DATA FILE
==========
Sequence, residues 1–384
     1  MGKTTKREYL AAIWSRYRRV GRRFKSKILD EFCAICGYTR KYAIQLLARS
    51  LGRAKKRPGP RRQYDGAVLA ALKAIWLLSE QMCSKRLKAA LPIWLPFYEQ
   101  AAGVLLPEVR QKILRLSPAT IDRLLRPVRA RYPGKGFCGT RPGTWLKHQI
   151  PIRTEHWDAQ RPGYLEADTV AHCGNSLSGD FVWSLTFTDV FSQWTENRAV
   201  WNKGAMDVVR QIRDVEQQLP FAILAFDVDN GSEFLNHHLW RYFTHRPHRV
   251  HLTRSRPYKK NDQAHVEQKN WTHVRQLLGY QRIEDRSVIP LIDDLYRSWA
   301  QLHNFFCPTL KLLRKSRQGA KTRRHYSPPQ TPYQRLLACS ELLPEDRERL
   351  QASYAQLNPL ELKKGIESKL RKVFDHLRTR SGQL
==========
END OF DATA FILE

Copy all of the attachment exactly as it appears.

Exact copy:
Sequence, residues 1–384
     1  MGKTTKREYL AAIWSRYRRV GRRFKSKILD EFCAICGYTR KYAIQLLARS
    51  LGRAKKRPGP RRQYDGAVLA ALKAIWLLSE QMCSKRLKAA LPIWLPFYEQ
   101  AAGVLLPEVR QKILRLSPAT IDRLLRPVRA RYPGKGFCGT RPGTWLKHQI
   151  PIRTEHWDAQ RPGYLEADTV AHCGNSLSGD FVWSLTFTDV FSQWTENRAV
   201  WNKGAMDVVR QIRDVEQQLP FAILAFDVDN GSEFLNHHLW RYFTHRPHRV
   251  HLTRSRPYKK NDQAHVEQKN WTHVRQLLGY QRIEDRSVIP LIDDLYRSWA
   301  QLHNFFCPTL KLLRKSRQGA KTRRHYSPPQ TPYQRLLACS ELLPEDRERL
   351  QASYAQLNPL ELKKGIESKL RKVFDHLRTR SGQL